Rocket From The Weezer Hives.

What are your favourite tracks from the release? 

There’s not a song that I like any more than any other at the moment, but I definitely enjoy playing ‘Over You’ the most live at this point. With it being the first single, it’s the song that people have perhaps heard the most, and are responding to live by singing the chorus back at us. It’s a special feeling, so I’d say that perhaps that’s my favourite at the moment. But I hope other songs will have a similar reaction once people have had chance to hear the album.

The album is quite high energy and fast paces – are you looking forward to playing these tracks live? 

We’ve played a bit of a mixture of the faster songs and the slower ones live so far. It’s quite nice to have that variety, so I wouldn’t say that playing the faster songs is more fun than the slower ones, it’s just different, and that in itself is exciting.

Lyrically the record sounds quite dark, was this something you intentionally wanted to write or did it just happen during the writing process? 

Coming in to this project, I don’t think Simon or I necessarily had anything we intentionally wanted to write about. We just wrote about what we wanted to write about at that point in time. I’d like to think we’ll continue this way too. Some friends of ours in the CC Smugglers had an EP called “Write What You Know”, and I think it’s such a good approach, not trying to force a subject matter as much as letting what you’ve got flow naturally.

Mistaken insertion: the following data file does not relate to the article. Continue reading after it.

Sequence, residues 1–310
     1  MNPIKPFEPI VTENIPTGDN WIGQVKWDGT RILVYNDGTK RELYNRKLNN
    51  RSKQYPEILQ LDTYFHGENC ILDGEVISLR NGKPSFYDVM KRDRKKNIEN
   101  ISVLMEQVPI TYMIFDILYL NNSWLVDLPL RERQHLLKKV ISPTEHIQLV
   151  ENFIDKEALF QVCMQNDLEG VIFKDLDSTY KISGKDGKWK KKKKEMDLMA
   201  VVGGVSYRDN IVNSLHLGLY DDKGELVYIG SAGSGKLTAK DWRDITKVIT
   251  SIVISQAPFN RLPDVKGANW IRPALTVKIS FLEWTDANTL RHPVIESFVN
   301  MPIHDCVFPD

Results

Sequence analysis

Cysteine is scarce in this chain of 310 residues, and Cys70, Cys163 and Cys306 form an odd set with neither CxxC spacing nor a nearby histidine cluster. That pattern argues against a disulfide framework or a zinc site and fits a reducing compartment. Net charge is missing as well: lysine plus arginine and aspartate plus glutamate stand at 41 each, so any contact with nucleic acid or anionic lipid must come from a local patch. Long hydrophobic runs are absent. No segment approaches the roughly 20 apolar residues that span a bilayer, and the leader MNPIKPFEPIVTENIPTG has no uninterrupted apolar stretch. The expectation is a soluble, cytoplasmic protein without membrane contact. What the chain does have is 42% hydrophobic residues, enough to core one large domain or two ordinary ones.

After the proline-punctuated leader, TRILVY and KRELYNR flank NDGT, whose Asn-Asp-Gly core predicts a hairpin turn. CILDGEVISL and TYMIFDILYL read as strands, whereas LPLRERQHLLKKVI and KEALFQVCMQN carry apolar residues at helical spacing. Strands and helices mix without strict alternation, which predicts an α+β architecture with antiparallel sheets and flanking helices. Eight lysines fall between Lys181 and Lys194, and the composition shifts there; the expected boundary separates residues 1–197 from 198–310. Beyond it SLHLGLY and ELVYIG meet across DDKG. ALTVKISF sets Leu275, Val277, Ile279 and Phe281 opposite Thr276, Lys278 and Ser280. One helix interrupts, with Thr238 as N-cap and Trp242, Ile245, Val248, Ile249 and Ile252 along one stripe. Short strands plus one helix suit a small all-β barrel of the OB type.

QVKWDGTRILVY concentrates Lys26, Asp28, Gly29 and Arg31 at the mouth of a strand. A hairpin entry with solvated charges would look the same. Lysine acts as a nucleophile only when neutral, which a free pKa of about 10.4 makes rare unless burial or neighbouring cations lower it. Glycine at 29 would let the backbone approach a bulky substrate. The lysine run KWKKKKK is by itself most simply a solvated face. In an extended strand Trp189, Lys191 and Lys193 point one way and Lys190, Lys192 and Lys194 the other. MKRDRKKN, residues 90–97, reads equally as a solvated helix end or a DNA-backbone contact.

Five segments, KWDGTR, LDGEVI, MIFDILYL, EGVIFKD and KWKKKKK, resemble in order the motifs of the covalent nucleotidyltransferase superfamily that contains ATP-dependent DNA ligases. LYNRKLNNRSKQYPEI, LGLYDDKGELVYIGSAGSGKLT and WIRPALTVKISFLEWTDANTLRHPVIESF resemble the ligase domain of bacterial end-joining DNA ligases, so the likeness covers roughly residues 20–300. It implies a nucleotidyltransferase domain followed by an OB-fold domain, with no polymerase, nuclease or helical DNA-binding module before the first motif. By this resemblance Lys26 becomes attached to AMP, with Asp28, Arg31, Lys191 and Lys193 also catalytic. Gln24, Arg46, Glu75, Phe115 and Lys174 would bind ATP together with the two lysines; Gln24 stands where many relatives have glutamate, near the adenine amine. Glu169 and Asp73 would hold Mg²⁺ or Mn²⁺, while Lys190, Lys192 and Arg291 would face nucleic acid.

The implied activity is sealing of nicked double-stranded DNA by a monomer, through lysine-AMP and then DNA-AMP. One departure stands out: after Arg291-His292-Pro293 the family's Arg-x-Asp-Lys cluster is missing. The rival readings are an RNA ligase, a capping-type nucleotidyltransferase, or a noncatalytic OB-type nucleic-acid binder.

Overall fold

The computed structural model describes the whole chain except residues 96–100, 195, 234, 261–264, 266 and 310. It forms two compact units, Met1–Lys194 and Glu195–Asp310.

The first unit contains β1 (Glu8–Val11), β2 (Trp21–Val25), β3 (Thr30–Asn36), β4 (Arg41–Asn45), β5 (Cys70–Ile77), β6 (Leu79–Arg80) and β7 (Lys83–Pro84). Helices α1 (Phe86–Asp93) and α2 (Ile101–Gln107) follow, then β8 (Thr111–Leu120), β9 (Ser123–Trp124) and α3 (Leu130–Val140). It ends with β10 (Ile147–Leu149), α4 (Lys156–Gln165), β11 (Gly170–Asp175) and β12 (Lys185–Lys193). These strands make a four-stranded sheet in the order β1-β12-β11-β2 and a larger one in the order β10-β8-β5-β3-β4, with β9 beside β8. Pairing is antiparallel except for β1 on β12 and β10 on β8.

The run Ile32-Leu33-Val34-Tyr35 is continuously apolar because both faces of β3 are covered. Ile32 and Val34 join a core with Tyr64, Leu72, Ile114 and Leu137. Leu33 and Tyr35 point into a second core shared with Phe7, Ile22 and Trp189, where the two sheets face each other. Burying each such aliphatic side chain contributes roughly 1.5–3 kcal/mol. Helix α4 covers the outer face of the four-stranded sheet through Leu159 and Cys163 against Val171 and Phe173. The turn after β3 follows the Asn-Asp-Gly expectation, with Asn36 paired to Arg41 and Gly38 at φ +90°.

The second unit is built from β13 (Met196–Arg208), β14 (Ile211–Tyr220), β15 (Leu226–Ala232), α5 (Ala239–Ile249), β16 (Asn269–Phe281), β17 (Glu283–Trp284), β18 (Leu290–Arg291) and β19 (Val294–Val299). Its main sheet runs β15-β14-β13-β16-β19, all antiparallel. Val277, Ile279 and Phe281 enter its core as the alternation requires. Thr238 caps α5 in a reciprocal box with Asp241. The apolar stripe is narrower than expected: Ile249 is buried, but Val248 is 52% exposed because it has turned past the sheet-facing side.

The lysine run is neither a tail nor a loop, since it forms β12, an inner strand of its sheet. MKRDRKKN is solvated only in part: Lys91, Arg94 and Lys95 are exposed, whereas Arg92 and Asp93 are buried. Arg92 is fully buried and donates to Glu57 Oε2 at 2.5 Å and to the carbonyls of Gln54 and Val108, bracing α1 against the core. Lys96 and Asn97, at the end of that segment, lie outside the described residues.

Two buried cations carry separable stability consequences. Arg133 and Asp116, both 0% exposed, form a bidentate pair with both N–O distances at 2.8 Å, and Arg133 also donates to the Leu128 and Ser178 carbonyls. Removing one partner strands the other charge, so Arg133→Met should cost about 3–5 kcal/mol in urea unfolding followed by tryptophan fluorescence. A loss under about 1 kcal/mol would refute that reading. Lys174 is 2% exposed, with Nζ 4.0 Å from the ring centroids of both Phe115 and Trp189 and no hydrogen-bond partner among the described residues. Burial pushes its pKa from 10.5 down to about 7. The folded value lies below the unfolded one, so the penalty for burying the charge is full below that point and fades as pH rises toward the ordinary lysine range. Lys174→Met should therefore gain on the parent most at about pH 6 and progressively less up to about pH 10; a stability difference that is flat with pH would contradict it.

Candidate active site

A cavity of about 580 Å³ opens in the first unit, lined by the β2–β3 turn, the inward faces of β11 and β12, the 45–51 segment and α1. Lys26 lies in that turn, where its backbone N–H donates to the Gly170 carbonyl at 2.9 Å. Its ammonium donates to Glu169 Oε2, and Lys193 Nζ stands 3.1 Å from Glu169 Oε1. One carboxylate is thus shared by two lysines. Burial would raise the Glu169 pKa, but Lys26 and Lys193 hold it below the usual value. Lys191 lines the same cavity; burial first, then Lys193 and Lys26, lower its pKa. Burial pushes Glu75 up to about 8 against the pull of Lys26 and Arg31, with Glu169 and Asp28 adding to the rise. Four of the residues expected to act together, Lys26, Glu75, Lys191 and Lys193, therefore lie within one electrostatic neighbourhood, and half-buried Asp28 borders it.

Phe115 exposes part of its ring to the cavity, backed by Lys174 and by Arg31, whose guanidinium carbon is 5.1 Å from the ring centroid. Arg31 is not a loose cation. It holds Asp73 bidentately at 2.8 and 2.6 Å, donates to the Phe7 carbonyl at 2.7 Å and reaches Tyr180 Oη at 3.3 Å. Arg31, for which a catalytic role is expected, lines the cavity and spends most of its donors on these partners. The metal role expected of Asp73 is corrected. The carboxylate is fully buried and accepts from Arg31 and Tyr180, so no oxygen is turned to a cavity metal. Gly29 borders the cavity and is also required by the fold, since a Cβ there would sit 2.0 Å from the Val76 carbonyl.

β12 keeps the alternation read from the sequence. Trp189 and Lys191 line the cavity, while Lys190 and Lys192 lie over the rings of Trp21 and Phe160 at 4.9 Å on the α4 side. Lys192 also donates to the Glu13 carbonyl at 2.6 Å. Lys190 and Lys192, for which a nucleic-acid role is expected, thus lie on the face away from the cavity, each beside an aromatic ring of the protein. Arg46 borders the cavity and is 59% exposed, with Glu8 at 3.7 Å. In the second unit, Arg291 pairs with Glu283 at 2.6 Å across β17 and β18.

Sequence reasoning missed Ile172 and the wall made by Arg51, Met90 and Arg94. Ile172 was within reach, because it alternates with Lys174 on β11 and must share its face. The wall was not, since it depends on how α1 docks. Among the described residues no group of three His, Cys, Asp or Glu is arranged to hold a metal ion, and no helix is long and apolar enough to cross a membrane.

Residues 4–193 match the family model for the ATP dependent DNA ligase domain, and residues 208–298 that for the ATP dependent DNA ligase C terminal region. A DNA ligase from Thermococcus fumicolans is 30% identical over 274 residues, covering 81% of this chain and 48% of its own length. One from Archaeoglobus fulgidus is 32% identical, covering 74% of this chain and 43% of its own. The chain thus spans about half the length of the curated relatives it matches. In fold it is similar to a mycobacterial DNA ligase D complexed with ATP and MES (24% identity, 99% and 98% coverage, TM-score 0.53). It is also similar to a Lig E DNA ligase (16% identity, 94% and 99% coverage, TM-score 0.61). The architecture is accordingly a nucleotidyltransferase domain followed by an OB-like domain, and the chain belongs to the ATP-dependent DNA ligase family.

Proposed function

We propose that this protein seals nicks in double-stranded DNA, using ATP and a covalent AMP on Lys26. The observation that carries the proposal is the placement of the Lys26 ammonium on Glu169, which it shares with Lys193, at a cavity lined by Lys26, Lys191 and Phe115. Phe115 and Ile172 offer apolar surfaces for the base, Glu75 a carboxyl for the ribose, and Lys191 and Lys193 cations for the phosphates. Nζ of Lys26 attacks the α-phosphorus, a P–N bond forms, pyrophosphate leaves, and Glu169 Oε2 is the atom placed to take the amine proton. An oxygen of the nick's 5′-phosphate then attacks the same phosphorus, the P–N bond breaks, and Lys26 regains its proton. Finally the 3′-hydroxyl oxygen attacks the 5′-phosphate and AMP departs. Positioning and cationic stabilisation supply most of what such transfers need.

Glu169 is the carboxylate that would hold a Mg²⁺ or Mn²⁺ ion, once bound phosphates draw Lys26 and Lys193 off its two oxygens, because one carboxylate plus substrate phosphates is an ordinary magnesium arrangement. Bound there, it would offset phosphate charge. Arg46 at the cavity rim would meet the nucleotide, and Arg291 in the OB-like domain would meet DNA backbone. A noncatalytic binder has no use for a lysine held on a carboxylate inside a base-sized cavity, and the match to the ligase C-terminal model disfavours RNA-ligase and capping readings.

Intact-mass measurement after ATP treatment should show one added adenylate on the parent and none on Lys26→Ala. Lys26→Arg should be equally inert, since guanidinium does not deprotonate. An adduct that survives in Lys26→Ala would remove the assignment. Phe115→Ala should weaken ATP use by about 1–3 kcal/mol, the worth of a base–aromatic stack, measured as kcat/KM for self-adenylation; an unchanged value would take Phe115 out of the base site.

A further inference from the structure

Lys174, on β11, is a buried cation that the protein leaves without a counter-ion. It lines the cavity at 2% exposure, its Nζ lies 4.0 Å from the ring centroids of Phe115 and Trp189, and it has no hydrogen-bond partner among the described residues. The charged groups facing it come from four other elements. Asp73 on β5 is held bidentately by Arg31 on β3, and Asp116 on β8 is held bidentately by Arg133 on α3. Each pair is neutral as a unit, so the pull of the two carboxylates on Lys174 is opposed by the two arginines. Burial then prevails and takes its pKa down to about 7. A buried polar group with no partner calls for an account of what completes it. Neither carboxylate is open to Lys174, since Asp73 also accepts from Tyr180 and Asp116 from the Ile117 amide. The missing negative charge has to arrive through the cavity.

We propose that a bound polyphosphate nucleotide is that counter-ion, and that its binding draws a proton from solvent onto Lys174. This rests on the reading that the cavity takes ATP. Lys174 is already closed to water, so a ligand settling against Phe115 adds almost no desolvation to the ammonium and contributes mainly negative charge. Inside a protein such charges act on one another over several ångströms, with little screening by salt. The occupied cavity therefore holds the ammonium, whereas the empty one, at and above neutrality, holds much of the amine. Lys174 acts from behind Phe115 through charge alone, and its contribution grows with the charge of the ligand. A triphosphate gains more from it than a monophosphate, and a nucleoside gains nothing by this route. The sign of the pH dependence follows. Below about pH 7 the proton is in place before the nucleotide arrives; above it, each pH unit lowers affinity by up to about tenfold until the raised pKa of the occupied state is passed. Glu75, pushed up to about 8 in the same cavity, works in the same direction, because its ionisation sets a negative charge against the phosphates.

In ‘Gold Teeth’ there’s a line that goes “No one wants to hear about how happy you’ve become”, and it feels quite relatable, much like a lot of the lyrics on the record. Is this something you aim for, to ensure the reader relates to your music lyrically as well as musically? 

Again, we tend to just write about what we want and what we’re feeling. One of the things that I personally love about Simon’s lyrics are how they can be left open to interpretation. You can speculate as to what they’re about, but there’s enough open space in the lyrics for you to be able to fill in the gaps for yourself, or make them personal to yourself. I think we all have songs that when we hear we can relate them to situations in our own lives, regardless of whether that’s what the song was initially about or not. Hopefully the people that listen to Funeral Shakes will have similar feelings.

Let’s talk about your live shows. How do you prep for your those? Any rituals or habits? 

We’ve only played a few so far, so we don’t have a routine quite yet, but I think for me at least that getting dressed in to our “uniform” sets the scene. Gets me mentally prepared to become the person you see onstage, if that makes any sense?

What can we expect from your upcoming headline tour? 

You can expect to hear much of our debut album, being played live and loud with a couple of bum notes here and there, a few extra drum fills, and hopefully people singing the words back at us just as loud as we sing them to them.


You can catch Funeral Shakes live across the UK:
14 February – Old Blue Last, London – with LIRR
15 February – LP Cafe, Watford – Instore/Album Release Show
23 February – Huddersfield Parish, Huddersfield  – with Mr. Shiraz
24 February – Red Rum, Stafford – with Sonic Boom Six
25 February – Salty Dog, Northwich
4 April – Cobblestones, Bridgewater
5 April – Red Room, Nottingham
6 April – Sunbird Records, Darwen (Free Entry)
7 April – Broadcast, Glasgow
8 April – Woolpack, Doncaster (Free Entry)
9 April – Night People, Manchester
10 April – Thousand Island, London (Free entry)
11 April – Louisiana, Bristol